Lori Ajax, chief of the Bureau of Medical Cannabis Regulation, talked to us on Friday at the International Cannabis Business Conference in San Francisco.
What’s up with weed? Here are the most interesting things we’ve learned:
1. The state’s on schedule – so you may actually be able to walk into a store and buy weed on Jan. 1, 2018. That’s because Ajax may start issuing temporary licenses.
“We are going to issue licenses (on Jan. 1)… we may issue temporary licenses until we complete our background investigations,” she said.
But it’s going to take awhile for the whole system to ramp up. “There is no possible way we can issue everybody a license on Day 1….For some people, it make take a few months.”
“We expect to accept applications on Day 1, we expect our licensing system will be in place, where you can go online to apply,” Ajax said.
But if you have a medical card, relax: It’s business-as-usual. “Under MCRSA, if you have a local permit, it allows people to continue to operate if compliance with locals — until the state makes a final decision on applications.”
2. Want a commercial growing license? Talk to your local officials. Now.
“You have to be in compliance with your local jurisdiction before we issue a license,” Ajax said. Full stop.
And because there will be limits to the number of “Type 3” licenses — for growers up to one acre outdoors — so you want to hurry, so you’re at the front of the line.
3. Colorado, Washington and Oregon have offered some helpful hints – but only up to a point.
“Colorado had issues with edibles and overconsumption, and it getting into the hands of kids. Washington taxed very high. We can learn from that,” she said.
“Those are important lesson for us to look at, to make sure we don’t make the same mistakes here.
California has a lot more commercial cannabis than these other states. And we’re really diverse — culturally and geographically.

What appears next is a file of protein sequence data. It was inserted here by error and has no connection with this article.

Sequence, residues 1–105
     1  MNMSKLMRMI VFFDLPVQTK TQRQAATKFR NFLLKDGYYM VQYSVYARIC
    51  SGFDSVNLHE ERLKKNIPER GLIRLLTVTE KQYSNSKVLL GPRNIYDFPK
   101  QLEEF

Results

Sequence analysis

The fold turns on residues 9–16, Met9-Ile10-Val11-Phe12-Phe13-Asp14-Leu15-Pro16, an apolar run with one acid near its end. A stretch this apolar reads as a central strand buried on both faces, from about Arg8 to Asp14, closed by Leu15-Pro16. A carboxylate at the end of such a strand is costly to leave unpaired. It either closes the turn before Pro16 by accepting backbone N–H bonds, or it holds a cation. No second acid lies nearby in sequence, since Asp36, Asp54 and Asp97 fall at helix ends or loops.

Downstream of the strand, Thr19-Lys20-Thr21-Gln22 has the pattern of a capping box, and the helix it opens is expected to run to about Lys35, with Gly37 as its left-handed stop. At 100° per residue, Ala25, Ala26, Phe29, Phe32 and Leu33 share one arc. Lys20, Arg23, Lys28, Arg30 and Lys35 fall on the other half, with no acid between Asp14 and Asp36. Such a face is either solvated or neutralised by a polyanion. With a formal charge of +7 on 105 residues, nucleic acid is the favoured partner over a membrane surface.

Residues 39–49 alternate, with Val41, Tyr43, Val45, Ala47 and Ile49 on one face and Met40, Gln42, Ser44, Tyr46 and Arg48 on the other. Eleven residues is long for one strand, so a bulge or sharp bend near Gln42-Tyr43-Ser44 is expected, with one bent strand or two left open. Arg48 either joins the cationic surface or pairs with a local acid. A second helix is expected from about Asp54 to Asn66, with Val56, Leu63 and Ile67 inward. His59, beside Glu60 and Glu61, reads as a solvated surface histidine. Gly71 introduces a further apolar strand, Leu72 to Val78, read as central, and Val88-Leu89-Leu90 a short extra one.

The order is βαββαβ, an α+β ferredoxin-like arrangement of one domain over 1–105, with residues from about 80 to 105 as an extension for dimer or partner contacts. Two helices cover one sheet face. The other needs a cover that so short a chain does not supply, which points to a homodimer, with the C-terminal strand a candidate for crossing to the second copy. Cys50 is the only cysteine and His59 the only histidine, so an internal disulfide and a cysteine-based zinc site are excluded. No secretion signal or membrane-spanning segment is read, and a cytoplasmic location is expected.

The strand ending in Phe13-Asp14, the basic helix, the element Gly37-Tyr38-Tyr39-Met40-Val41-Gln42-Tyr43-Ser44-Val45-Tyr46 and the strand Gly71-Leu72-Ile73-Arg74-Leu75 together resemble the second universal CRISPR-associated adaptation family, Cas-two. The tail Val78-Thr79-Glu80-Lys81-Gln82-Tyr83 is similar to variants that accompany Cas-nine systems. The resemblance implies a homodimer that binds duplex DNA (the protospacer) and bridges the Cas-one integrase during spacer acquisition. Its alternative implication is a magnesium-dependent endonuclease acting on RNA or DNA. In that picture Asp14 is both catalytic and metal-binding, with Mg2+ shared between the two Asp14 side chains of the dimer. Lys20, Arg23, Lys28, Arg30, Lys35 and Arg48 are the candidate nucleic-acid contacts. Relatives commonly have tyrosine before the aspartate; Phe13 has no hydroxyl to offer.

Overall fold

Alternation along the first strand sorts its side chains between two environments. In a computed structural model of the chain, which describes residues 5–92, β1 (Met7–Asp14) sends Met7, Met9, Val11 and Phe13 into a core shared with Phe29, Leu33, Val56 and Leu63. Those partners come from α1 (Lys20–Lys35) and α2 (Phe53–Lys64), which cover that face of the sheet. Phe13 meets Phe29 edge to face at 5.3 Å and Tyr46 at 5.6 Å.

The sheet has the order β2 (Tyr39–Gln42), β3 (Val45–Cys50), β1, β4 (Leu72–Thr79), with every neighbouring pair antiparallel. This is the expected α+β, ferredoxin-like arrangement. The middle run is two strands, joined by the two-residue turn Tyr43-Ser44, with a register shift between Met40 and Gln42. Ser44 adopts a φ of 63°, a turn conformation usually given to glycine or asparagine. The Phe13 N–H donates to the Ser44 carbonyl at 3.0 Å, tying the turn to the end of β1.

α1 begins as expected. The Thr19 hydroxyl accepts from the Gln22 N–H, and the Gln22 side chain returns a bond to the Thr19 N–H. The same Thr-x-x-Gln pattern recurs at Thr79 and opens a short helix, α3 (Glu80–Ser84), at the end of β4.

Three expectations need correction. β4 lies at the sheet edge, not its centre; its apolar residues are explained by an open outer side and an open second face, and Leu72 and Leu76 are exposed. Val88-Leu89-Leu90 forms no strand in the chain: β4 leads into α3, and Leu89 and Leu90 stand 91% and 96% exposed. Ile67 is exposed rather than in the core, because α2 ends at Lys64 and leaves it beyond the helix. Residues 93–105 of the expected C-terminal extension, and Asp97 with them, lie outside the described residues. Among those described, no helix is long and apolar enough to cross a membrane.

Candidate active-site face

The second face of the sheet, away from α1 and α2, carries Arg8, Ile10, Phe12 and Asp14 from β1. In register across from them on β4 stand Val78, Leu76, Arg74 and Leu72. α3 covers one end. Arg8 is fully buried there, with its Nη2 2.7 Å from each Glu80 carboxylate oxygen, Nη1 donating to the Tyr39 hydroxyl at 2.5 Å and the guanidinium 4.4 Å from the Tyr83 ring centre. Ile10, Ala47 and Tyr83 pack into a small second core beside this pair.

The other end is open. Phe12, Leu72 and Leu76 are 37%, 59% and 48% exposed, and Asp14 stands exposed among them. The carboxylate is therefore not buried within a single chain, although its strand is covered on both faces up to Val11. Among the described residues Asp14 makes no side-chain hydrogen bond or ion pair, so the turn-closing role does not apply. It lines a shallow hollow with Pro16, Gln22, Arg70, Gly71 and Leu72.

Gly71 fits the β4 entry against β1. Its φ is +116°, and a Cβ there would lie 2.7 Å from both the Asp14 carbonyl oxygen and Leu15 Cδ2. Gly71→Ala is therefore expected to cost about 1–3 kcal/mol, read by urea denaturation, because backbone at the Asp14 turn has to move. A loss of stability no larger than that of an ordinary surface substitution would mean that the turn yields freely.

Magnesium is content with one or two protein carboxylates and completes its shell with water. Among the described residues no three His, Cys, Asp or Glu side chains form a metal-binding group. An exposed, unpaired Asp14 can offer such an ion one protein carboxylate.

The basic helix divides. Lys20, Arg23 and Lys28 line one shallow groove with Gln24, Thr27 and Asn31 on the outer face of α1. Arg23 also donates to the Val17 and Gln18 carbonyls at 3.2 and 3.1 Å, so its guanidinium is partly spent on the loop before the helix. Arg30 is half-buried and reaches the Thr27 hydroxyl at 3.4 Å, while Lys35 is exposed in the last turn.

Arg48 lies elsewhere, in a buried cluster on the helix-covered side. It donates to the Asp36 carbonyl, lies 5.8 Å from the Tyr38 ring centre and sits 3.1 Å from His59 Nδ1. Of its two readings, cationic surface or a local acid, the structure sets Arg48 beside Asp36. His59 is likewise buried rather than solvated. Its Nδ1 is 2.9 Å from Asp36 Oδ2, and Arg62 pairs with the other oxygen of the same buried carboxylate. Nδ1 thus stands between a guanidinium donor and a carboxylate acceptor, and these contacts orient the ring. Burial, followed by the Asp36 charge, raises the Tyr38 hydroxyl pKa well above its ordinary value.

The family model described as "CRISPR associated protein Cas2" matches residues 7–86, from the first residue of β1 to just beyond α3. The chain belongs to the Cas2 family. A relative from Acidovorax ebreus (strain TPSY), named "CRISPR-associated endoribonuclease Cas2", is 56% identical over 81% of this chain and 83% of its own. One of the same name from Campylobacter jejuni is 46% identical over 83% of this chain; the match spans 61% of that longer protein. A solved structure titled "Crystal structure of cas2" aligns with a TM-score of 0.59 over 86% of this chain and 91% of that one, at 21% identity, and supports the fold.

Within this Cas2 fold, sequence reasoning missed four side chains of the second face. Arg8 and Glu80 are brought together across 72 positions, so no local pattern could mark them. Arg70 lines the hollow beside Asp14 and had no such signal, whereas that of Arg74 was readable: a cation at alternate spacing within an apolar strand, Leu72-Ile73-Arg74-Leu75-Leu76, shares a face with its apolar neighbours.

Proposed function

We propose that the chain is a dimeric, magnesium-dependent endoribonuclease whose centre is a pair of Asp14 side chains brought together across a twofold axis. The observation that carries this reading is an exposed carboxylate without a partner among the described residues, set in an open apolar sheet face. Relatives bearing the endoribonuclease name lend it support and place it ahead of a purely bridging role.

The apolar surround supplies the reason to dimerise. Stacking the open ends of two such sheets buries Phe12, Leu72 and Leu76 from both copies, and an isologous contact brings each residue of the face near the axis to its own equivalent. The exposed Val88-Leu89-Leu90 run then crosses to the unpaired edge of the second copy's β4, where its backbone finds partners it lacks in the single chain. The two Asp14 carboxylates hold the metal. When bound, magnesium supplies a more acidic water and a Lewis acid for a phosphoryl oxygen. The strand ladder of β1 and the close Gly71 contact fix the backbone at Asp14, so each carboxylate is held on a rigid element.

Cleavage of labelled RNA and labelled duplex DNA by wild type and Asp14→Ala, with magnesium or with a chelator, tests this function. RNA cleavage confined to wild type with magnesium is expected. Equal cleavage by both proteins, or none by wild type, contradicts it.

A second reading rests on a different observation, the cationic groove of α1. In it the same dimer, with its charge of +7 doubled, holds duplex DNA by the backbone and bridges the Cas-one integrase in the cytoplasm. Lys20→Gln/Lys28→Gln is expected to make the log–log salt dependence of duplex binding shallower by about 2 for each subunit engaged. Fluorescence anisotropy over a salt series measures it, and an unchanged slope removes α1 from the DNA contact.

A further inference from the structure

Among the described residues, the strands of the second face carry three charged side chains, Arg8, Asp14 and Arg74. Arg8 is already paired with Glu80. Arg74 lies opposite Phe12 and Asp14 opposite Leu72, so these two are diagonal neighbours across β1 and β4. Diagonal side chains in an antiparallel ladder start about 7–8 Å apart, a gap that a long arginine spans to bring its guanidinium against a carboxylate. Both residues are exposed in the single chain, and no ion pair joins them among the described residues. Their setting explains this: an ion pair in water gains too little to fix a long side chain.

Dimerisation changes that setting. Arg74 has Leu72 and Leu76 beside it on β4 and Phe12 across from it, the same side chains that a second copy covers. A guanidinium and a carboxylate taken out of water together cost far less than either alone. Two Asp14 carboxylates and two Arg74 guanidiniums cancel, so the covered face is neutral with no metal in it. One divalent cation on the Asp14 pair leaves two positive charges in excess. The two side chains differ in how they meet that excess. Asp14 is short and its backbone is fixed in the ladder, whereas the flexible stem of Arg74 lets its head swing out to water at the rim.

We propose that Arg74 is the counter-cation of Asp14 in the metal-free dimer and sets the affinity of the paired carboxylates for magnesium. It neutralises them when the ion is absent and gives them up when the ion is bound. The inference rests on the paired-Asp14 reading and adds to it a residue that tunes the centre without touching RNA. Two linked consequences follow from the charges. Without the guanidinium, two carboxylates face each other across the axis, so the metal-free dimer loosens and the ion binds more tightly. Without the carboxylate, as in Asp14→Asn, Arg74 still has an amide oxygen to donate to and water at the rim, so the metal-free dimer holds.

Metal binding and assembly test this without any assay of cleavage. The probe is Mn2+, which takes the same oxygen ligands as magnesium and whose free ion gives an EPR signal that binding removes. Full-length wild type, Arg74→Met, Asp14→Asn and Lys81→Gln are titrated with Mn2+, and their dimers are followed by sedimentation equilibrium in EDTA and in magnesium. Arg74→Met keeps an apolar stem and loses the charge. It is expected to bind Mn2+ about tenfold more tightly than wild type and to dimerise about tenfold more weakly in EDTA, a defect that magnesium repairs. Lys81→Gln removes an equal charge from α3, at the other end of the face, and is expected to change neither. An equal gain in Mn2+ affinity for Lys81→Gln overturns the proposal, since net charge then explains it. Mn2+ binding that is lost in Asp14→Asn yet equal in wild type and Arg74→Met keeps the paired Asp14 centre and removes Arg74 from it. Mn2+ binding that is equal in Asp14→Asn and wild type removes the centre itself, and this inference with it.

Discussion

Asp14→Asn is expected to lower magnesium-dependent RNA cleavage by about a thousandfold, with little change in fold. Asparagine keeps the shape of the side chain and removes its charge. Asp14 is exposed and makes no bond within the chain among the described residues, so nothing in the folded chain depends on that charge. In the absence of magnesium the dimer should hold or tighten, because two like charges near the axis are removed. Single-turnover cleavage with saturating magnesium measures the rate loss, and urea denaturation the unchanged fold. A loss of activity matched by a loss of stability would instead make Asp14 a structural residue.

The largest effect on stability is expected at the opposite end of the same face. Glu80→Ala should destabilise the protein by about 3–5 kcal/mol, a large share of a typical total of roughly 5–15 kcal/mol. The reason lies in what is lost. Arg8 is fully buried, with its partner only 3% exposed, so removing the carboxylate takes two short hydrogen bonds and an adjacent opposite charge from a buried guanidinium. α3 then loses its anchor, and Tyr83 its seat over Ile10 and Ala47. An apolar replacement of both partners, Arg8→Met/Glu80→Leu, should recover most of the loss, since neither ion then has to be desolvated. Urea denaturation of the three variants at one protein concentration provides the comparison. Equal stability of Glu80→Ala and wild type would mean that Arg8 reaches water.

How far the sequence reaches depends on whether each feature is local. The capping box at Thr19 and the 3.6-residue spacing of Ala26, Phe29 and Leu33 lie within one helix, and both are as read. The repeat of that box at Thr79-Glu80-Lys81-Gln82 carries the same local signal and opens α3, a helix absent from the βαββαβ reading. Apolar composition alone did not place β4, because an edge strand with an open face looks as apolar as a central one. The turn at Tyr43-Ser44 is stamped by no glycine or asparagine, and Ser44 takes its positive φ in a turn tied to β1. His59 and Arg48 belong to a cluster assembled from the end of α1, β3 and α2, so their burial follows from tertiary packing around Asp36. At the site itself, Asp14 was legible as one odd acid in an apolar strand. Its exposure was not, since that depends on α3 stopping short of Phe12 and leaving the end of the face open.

At the end of the day, we’ve had a cannabis industry for two decades. We need to learn from our own folks. We need to do the best model for California.”
4. Cannabis is one plant – so why the heck will there be two sets of proposed regulations?
Here’s the challenge: There are two statutory structures in place, one for medical marijuana (created by the Medical Cannabis Regulation and Safety Act) and one for recreational adult use (created by Prop. 64’s Adult Use of Marijuana Act.)
Although the structures are similar, they’re not identical. For instance, they take different approaches to distribution, transport and testing labs. MCRSA established 17 license types; AUMA established 19 license types.
Ajax wants to make these regulations match, if possible — or maybe just create one set of regulations.
“There is going to have to be alignment. We are going to strive to have one set of regulations — because we want to minimize confusion, so people know what rules you have to follow,” she said.
5. January 1, 2018, isn’t so far away. When can we expect to see these proposed regulations?
Early April for medical marijuana’s MCRSA regs, she said. Then the public can chime in, with a 45-day public comment period and hearings, before the final regs are released.
September is the release date for recreational marijuana’s AUMA regs. Because of the Jan. 1 deadline, these may be “emergency regulations” that go into place immediately, before public comment.
6. Will Jeff Sessions, Trump’s new U.S. attorney general, mess with California?
“We don’t know. We are going to focus on what can control in our state,” she said. “Now we’re operating under federal guidelines (established by former President Obama.) We will operate under these guidelines until we hear otherwise. That’s the best way to move forward at this point.”